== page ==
A subsequent bid to have the procedure done in the ACT failed when the territory's IVF authority rejected her request. But after discovering the procedure was allowed in NSW, YZ went to VCAT seeking permission to take the frozen sperm sample interstate. Following a hearing last month, Justice Stuart Morris today granted permission for the sperm to be transported to Sydney to allow the woman to begin IVF treatment. In his ruling, Justice Morris said the matter did "not involve questions about the legality of proposed conduct, but about the scope, nature and exercise of a discretion to permit the sperm to be taken to another state of Australia to enable its use".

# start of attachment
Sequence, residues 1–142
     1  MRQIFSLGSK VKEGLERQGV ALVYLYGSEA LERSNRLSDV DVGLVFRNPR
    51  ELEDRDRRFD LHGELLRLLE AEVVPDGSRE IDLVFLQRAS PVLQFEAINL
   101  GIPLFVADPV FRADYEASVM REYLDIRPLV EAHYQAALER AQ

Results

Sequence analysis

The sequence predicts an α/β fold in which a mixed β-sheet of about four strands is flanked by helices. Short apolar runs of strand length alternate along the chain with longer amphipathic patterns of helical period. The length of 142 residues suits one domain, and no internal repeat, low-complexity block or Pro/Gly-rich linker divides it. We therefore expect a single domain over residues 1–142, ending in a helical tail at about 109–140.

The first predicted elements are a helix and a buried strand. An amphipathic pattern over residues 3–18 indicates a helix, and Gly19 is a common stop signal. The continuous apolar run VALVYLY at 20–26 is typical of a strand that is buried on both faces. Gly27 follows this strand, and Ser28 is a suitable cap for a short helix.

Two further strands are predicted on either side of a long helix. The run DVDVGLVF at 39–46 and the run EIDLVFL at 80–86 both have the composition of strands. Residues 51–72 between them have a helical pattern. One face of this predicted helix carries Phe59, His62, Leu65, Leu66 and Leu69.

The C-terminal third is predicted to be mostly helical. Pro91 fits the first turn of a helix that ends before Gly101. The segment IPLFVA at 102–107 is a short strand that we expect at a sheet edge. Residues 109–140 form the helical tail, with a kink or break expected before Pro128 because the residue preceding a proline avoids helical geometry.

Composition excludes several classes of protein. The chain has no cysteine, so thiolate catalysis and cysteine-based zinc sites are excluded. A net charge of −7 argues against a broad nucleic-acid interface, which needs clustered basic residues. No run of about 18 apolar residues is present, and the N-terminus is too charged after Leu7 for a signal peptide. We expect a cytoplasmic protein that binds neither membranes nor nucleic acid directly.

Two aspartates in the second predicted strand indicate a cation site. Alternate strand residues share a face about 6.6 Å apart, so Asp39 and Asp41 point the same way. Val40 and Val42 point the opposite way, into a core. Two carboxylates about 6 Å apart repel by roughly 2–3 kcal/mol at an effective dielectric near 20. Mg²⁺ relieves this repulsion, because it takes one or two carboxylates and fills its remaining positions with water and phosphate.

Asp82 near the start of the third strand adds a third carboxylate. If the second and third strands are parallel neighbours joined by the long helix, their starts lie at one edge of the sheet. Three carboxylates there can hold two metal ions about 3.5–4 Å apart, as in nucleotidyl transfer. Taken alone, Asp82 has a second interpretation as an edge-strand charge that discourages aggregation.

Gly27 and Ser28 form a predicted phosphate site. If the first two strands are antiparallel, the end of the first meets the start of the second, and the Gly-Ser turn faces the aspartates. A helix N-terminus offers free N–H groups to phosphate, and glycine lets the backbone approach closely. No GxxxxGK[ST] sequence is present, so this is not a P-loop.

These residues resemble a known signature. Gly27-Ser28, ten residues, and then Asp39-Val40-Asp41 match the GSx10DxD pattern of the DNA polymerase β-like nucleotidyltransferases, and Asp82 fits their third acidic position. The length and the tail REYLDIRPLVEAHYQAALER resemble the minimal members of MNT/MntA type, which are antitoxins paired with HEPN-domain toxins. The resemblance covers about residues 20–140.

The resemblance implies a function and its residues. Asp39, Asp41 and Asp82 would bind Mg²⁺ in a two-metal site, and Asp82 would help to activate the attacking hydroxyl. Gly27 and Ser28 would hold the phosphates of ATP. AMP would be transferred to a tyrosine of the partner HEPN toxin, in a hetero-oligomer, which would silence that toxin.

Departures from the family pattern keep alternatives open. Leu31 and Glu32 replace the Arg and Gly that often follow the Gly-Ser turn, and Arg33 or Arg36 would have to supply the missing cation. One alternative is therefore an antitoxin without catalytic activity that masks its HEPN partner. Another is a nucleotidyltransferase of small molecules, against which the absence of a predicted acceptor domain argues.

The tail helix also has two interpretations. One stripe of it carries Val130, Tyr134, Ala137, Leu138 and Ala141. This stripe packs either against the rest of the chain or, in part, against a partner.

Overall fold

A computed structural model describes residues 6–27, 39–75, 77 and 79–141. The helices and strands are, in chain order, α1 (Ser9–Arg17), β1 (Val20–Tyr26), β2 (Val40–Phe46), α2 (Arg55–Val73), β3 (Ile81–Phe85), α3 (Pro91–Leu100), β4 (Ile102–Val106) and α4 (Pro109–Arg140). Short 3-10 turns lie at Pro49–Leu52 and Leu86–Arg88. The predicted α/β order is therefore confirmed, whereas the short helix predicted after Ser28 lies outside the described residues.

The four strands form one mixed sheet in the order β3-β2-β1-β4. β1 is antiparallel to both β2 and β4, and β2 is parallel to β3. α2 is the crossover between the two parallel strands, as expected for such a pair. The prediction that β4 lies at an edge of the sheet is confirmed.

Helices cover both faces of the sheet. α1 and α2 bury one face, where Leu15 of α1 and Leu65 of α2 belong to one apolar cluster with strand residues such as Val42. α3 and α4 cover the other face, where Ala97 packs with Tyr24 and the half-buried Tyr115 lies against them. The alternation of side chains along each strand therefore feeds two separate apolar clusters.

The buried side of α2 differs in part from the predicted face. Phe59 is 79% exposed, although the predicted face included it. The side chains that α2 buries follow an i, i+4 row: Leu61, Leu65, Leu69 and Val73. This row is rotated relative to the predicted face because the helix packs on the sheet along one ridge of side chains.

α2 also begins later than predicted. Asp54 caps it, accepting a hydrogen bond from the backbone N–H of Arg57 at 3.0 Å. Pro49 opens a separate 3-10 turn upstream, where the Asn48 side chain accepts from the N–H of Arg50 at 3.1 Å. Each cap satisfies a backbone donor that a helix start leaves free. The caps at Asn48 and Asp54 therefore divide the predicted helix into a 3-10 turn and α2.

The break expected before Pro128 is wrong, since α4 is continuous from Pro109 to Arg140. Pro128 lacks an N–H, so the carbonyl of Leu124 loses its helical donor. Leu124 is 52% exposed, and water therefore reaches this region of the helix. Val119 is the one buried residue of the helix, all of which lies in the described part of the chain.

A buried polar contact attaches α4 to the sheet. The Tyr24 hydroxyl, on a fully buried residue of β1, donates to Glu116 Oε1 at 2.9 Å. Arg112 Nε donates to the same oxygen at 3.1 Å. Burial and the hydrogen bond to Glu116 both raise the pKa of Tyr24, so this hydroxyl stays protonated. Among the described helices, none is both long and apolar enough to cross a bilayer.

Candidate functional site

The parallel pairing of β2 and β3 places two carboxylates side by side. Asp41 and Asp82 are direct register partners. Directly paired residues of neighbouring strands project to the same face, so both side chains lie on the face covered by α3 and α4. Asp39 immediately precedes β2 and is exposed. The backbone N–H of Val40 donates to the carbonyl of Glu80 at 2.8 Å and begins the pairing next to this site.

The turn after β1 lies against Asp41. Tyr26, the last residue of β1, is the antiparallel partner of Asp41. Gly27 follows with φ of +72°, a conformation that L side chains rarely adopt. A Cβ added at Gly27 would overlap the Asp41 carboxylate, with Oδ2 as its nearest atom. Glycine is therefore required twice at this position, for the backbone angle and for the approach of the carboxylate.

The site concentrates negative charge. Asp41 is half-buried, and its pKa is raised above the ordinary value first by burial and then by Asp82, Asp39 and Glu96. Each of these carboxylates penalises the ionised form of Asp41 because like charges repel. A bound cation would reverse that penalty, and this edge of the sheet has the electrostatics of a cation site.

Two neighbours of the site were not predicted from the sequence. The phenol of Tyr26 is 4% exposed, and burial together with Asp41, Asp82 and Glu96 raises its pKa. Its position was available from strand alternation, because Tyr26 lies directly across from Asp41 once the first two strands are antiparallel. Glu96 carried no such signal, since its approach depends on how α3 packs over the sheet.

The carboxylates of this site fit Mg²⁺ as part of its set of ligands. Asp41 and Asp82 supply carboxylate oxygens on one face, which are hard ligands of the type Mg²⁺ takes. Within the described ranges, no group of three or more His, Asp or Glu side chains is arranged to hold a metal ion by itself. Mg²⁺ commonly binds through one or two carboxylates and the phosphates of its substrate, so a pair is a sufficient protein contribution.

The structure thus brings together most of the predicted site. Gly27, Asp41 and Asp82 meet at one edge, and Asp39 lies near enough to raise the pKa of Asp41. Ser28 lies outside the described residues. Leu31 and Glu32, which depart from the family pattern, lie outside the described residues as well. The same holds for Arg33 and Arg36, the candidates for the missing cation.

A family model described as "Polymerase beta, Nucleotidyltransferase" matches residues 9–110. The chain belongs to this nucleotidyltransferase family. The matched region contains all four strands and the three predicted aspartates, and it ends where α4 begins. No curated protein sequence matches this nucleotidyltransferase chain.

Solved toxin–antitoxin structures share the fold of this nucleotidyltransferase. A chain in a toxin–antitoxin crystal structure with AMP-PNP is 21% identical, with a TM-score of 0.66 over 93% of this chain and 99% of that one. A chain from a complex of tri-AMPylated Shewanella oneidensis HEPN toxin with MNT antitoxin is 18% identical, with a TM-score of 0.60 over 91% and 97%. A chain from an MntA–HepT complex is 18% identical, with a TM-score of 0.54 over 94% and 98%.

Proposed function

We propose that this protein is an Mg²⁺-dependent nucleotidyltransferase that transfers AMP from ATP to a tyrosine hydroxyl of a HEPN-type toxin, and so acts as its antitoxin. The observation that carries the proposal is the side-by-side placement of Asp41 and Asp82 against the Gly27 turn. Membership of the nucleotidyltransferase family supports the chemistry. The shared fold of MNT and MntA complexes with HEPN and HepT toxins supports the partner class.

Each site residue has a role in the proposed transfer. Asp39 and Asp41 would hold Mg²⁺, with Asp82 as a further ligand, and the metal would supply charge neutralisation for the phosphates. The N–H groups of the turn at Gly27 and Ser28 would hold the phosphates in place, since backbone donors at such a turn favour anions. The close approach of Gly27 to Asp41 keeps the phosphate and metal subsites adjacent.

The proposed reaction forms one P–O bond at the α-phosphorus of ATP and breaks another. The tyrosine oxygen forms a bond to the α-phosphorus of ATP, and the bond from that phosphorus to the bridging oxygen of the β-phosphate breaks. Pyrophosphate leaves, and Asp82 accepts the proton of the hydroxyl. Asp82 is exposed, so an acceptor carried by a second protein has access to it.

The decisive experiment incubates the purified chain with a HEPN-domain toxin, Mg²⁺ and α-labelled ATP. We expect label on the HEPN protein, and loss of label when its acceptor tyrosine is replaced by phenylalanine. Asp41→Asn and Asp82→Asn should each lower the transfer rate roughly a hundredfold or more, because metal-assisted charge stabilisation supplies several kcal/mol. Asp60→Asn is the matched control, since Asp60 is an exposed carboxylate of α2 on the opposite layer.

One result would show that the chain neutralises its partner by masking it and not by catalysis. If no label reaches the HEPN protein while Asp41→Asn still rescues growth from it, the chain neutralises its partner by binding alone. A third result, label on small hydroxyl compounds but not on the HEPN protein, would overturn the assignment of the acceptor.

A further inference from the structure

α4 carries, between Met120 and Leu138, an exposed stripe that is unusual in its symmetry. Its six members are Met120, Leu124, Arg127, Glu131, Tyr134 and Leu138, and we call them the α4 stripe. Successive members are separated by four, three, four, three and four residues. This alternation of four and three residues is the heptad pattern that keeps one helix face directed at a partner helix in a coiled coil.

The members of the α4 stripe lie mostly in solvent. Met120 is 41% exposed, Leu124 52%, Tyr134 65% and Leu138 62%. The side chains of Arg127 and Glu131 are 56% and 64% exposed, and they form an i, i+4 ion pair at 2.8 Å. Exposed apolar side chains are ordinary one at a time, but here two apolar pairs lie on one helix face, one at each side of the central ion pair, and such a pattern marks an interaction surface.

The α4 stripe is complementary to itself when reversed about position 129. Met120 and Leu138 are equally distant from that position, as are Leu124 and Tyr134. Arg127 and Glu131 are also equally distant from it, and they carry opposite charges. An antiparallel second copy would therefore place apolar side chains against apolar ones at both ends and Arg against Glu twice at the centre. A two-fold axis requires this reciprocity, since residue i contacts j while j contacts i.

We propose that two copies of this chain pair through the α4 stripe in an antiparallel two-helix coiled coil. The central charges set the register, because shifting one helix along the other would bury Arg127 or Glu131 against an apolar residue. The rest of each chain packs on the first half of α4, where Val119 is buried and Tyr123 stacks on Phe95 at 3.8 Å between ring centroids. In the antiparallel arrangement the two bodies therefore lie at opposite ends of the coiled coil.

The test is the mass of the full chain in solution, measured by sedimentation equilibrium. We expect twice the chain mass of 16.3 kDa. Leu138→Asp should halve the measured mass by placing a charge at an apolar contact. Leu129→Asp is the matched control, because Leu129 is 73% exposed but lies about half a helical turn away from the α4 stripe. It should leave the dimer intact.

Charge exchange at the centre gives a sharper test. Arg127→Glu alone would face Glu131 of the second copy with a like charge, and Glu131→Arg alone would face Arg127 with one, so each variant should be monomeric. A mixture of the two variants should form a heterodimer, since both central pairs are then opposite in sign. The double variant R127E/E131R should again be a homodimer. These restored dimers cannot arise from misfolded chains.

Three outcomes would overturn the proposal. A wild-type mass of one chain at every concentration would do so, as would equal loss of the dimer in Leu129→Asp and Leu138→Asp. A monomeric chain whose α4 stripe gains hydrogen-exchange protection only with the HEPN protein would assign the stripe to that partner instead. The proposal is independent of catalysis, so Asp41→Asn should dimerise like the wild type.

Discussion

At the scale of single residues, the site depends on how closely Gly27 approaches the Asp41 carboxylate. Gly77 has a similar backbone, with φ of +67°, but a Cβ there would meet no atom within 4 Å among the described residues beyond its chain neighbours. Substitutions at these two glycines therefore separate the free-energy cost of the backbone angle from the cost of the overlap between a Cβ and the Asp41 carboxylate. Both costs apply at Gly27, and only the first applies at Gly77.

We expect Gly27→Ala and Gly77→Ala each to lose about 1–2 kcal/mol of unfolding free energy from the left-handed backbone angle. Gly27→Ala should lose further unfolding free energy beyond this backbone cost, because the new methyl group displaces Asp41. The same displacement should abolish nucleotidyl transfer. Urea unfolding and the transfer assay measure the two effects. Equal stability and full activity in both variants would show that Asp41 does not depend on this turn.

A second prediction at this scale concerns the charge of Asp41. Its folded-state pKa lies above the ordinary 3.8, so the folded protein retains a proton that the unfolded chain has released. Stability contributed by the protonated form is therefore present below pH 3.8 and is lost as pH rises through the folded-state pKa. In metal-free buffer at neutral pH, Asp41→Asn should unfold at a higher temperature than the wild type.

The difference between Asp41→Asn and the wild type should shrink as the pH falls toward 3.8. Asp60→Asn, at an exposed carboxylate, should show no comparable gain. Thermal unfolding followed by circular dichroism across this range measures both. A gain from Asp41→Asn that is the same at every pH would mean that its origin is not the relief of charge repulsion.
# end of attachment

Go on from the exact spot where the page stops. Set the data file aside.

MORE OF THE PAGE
The tribunal was told that YZ wanted to have children, but did not want to begin another relationship, and preferred not to use an anonymous sperm donation. "She wishes to have a child, or children, using her late husband's sperm as she regards him as her life partner and wants him to be the genetic father of her children," Justice Morris said. "I do not find this to be a case where the applicant is motivated by grief. Although the decision she has made will not be the decision of most widows, many widows would choose to move on and find a new partner I accept that her decision is rational and genuine." Justice Morris said it was important that the family of the dead man referred to as XZ support YZ's bid to have his children. He said it did not matter that any child born using the treatment would not have a living father. "It is trite to observe that many children born naturally do not have a father or a loving father, yet still live long and happy lives." "In my opinion, the fact that any child born as a result of the export of the sperm the subject to this proceeding will not have a father or will be conceived from the sperm of a man who is dead is not of major consequence."